Having never bought these films before on any medium, I found the release price of forty quid fair enough. People who have already bought two box-sets may well want to wait for the Extended Editions, but the Theatricals are very enjoyable movies, and it is worth mentioning that ROTK in seamless branching would probably have had to sacrifice picture quality to fit both versions on a BD-50! That would have been a travesty.
In conclusion, the audio quality is truly Middle-Earth shattering, and the video quality starts good-very good and rises to excellent. If you don't know what DNR is and don't care, you will probably think "Fellowship" looks fantastic too! In numerous places it had me grinning from ear to ear at just how good it looked projected on a 3m wide screen!
The only truly negative thing is that the nice looking Blu-Ray cover of the box is a piece of card that has been glued on and hangs loose at the back! Were BD boxes not clearly smaller than DVD ones, I would suspect they were trying to use up unsold DVD merchandise! Or was I the only one to receive this shabby treatment?
That aside, highly recommended.
90 of 106 people found the following review helpful
on 13 November 2010
This version is ideal for those on a budget who are (a) not interested in all the extras (b) not interested in a (to them) tediously drawn out extended edition (not all fans of fantasy or film are die-hard Middle Earth fanatics, after all) or (c) worried that the studios will go bankrupt before the extended release is made available.
As another commentator said, it's not a rip-off, as the product is clearly and correctly advertised. In order to recoup their costs and provide financing for future films, it would make sense to release the plain, vanilla versions on Blu-ray first and the much more costly extended additions later, after they have maximised sales. Some people will get both additions, but that's their look-out. The studios, whilst relying on this, can't be blamed for people's impatience.
Another consideration is that the studios involved may be preparing additional content for the extended versions on Blu-ray to tie in with the release of The Hobbit. I'm sure everyone will agree it is better to wait than to possibly end up buying two versions of the extended edition in order to get any extra content.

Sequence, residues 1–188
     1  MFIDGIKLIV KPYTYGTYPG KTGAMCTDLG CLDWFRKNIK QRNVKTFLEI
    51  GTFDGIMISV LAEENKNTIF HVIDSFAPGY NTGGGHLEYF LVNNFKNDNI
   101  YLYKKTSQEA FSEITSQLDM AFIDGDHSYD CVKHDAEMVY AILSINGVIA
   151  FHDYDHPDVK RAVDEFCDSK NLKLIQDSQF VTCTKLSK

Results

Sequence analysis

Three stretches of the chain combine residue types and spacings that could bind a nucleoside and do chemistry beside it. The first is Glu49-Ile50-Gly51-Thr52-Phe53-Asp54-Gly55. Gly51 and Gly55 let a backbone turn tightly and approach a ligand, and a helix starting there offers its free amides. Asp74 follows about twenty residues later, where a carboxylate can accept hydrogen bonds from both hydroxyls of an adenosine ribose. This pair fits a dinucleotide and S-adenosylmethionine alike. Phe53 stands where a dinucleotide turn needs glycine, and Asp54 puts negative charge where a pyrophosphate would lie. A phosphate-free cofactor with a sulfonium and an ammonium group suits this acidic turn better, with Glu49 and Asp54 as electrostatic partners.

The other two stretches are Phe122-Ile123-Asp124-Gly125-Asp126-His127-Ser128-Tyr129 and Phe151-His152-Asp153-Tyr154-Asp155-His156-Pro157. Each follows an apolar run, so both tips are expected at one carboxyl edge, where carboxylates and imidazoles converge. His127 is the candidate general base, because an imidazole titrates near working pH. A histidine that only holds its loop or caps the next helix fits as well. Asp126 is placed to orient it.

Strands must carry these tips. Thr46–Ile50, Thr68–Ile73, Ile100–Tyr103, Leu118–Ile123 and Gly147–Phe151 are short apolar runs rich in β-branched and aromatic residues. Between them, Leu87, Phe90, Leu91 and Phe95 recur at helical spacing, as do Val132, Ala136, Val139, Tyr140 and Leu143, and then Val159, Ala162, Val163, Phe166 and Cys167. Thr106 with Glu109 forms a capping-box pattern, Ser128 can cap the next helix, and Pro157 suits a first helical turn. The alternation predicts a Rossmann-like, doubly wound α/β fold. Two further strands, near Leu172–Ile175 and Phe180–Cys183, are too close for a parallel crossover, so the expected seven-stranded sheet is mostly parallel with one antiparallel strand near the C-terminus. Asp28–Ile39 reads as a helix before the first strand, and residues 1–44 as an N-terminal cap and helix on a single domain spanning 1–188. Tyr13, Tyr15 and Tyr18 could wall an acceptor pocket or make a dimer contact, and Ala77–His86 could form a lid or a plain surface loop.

Finally, has no-one noticed the financial crisis surrounding the film studios that have made these films? MGM went down the pan and has only just, in the nick of time, been bought out themselves. MGM produce The Hobbit and the James Bond films, both of which require huge capital to make.
In view of the vast sums lost through piracy and falling ticket sales, as all-things Apple and internet-related take-over, I really can't blame the studios for maximising the profit on those few vehicles that see a profit in the first place. Yes, there will always be fat-cats and money men, but on the flipside, art films, low budget/quirky films will never get made, new talent would not get found and new developments in film-making, such as computer animation and 3D would still be decades away.
In the West I think we expect everything given to us on a plate, with no thought for the work that goes into these films.
Buy the theatrical blu-ray if you're not a LotRs fanatic, don't want the extras and are happy to watch the shortened (and lest we forget, the original) versions. If you've read everything Tolkien and love all the extra stuff (like I do), wait for the extended release - that is, if the studios don't go down the pan in the meantime.
Finally, I wish Amazon would remove all the reviews that simple parrot what someone else has already said. If you can't be bothered to read the last 10 or so previous reviews, how do you expect other people to be bothered to read yours?
When considering which version to buy bear in mind:
(a) There is no Director's Cut. Other reviewers have stated that the Theatrical version is Jackson's prefered one
(b) It is often the case that extended releases, with extra material, follow on from standard releases and it is these extended ones that normally wring the last penny out of the product the studio are selling. They are not normally worth bothering with - the original being cut shorter, because it means a tighter, less flabby, more gripping story.